borrowing its central charac-ters and plot from Nightwood, Djuna Barnes's groundbreaking novel about Paris in the 1930s, Beth Follett's first novel about a faithless lesbian romance is a study in obsessive love.In this version, transposed to present-day Montreal, protagonists Nora and Robin are contemporary women working the queer bar scene and reading modern literature.
In fact, what works best here are the liberties Follett takes with the original and her heady portrayal of photographer Nora Flood's pathological hunger for self-acceptance.
Nora's desperate tale of passionate loneliness unfolds through stream- of-consciousness musings. As we follow her intimate path of self-discovery through her interactions with the people closest to her, the writing periodically breaks into rhythmic, lyrical prose that a poet who attended the book launch described as suspiciously reminiscent of Leonard Cohen's songs.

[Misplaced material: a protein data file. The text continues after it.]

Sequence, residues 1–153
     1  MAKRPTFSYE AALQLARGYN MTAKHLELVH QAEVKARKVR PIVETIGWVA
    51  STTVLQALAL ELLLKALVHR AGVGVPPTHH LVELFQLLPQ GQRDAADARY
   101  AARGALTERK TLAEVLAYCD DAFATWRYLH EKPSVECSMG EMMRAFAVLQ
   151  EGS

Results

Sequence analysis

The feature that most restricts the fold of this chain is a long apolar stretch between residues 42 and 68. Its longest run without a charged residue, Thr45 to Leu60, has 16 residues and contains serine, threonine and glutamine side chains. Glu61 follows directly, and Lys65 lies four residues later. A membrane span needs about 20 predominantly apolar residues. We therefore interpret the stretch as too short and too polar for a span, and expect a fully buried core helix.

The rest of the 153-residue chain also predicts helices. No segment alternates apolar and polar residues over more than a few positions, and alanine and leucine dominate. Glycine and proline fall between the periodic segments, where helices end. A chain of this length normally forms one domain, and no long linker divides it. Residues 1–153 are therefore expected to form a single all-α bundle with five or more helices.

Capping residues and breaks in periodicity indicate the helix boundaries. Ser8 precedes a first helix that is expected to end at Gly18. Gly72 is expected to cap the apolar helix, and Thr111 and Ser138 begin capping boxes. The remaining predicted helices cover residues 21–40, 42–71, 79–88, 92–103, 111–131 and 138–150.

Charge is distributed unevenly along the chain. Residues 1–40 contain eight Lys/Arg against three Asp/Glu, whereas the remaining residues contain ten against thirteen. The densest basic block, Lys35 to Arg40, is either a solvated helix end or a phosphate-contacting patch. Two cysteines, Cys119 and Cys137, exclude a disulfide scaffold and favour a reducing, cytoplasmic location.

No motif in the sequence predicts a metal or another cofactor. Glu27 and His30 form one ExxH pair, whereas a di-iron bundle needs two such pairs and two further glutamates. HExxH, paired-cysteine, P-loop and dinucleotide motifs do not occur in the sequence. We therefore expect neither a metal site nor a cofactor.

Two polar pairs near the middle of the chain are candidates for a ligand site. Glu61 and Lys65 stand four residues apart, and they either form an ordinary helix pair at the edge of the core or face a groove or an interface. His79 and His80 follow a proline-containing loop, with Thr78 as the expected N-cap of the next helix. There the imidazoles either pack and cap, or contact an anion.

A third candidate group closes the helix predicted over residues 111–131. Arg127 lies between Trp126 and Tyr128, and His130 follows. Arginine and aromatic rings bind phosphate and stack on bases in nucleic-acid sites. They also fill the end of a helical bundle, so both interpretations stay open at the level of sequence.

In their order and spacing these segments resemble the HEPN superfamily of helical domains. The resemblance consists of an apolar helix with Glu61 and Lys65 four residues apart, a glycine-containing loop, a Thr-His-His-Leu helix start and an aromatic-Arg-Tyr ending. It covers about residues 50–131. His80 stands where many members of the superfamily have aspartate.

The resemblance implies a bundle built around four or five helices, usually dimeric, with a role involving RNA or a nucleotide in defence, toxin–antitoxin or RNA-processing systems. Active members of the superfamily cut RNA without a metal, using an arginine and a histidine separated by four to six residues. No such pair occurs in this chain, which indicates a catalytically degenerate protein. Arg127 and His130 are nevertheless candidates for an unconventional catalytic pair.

Nora is guided through the depths of her journey by her much-loved dead older sister, Jeanette, and by the ghost of Barnes herself. She ponders the dynamics of her childhood and dysfunctional family and pins her happiness on her affair with the sexually charged, masculine Robin.
Follett is the editor and publisher of the independent Pedlar Press, which publishes poetry and fiction. Like the books she edits, her writing is intellectual and cryptic, evoking the sensualist work of Jeanette Winterson.
Slant is not an easy read -- it's obscure and filled with references that sometimes make you feel that you have to head to the local library to brush up on your reading before you can finish the book.
Get past the detours, though, and it's worth the extra effort.
Tell It Slant by Beth Follett (Coach House), 147 pages, $17.95 paper. Rating: NNN